Friday, October 2, 2009
'Zombieland' is dead on funny bash
By Steve Crum
Like vampires, zombies are very fashionable now. That does not mean either linkage to the horror genre is my particular cup of corpuscle. To be honest, I had to drag myself to Zombieland. And, horrors upon hilarity, I laughed throughout it. Chalk it up to the comedy's rapid pacing, graphics, makeup, actors, and clever writing. In other words, zombie-shuffle the kudos to director Ruben Fleischer and co-writers (and producers) Rhett Reese and Paul Wernick. For all three, Zombieland is their first significant film. They should definitely helm the inevitable sequel.
Set in either a parallel universe or merely a fictional present (it is never clarified), Zombieland first centers on 20-something Columbus (Jesse Eisenberg), who also narrates the story. Immediately, we are introduced to a society in which zombies are the world majority, wandering streets, parking lots, and vacant stores. (Mad Cow Disease is the possible culprit.) Following a grossly violent opening showing zombies attacking and chomping upon innocent human by-walkers and drivers, it is clear Columbus is a survivor by no accident. He really knows his way around the walking dead. His outthinking the enemy takes the form of clever rules to live by, which are boldly flashed on the screen and explained by him at given, zombie peril, moments.
For example, one from Columbus’ book of how to avoid zombies is: “RULE #23, The Double Tap. Always Smash Your Zombie Twice.” As already mentioned, the graphics are a plus, particularly since the rules are displayed in animated fashion during the 20 or so zombie attacks. They are flashed on screen like it is the National Safety Test. It is reminiscent of the silly “BAM” and “CRUNCH” graphics flashed during fight scenes in the old Batman TV series.
Obviously, the rules work. Columbus soon teams with Tallahassee (Woody Harrelson), a fellow human he meets en route to...well, we never really know their destination either. Since the entire world is zombie central, where could they be headed? It is Tallahassee who gives both himself and Columbus the city names, since he feels it best to remain mostly anonymous to each other. After picking up two more humans, immediately labeled Wichita (Emma Stone) and Little Rock (Abigail Breslin), the four venture to anywhere in pursuit of zombie-less trappings. All are loaded with rifles and ammo, which they repeatedly use on zombie after gurgling zombie.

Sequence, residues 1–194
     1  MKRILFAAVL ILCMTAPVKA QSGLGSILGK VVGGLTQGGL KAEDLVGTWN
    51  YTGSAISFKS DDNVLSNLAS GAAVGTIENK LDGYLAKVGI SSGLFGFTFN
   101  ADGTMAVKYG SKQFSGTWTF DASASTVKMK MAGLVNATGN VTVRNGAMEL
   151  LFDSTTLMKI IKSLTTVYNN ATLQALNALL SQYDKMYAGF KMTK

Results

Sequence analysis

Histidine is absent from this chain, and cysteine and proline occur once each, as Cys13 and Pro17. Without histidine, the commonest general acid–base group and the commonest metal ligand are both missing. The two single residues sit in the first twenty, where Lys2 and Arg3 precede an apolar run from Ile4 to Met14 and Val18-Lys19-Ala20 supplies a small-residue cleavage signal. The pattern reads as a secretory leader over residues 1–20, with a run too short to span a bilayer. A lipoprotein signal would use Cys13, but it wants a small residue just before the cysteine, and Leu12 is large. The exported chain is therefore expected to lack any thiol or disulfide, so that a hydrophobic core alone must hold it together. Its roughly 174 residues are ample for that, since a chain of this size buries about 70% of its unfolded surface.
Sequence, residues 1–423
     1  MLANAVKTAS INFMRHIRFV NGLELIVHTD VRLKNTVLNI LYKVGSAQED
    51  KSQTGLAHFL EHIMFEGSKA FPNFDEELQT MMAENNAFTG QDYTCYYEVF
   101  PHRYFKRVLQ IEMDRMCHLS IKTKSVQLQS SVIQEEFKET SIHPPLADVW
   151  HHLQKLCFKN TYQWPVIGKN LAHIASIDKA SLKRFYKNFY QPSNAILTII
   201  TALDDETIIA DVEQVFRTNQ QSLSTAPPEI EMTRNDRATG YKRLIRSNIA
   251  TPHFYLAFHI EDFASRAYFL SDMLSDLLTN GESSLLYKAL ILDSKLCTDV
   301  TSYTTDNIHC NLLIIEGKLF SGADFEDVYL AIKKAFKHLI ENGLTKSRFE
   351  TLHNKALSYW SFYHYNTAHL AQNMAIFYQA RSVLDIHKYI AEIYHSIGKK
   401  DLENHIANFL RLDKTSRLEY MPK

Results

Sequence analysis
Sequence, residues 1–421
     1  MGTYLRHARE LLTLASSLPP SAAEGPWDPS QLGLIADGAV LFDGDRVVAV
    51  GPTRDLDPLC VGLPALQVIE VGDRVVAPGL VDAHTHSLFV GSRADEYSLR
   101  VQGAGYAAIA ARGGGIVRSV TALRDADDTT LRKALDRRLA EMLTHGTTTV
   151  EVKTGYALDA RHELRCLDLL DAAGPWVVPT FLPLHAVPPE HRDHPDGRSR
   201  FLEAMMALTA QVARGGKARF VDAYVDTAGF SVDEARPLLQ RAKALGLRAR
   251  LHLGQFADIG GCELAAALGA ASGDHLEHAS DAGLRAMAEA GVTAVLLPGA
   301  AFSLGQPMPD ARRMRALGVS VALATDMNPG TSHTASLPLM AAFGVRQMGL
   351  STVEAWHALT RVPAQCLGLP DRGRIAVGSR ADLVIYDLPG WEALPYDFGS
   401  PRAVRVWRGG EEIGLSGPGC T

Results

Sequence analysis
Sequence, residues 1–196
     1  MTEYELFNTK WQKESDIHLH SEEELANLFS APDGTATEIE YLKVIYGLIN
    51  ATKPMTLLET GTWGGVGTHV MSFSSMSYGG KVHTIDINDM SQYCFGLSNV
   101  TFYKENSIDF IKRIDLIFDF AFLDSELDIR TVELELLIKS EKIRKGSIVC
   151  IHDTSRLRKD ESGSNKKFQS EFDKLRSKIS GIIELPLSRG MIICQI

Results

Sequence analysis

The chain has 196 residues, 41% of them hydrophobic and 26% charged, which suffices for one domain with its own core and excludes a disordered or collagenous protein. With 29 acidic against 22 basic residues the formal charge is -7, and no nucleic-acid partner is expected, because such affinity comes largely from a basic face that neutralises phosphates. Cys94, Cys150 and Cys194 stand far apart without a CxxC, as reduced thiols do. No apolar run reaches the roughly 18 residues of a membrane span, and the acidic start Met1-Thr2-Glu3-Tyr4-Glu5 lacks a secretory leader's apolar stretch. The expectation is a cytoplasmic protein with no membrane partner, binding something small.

The zombie shootings, hackings, bashings, and general clobberings are certainly violent, but surrealistically. Since zombies by nature are not human anymore, it seems justifiable, if not justifiable homicide, to eliminate them. They are certainly trying to kill and eat any and all humans. Really, knocking off a zombie in Zombieland is emotionally and morally akin to scoring points in a video game or shooting an air rifle to hit bad guys at an arcade.
So much for Zombieland’s plot. There just isn’t much to it, except to hang a half dozen hilariously grim set pieces upon a road movie. I can tell you the four do not get along with each other--at least throughout most of the film. What I cannot divulge is the hands down, funniest bit of the entire flick. All critics were ordered not to say who or what is involved. Just prepare yourself for a delightful surprise, and the film’s real centerpiece. By adhering to the film distributor’s demand not to say anything specific, this also creates an effective hook to get you into the theater. No harm done; you will not be disappointed.
What I can also say is that the four principals, particularly Harrelson and Eisenberg, obviously had a fun time during the filming. In turn, the audience has a great time. A running gag has Tallahassee searching the territory for Twinkies to satisfy his craving.
There must be zombie symbolism linked to this blatant product placement.
On an A to F Grade Scale: B+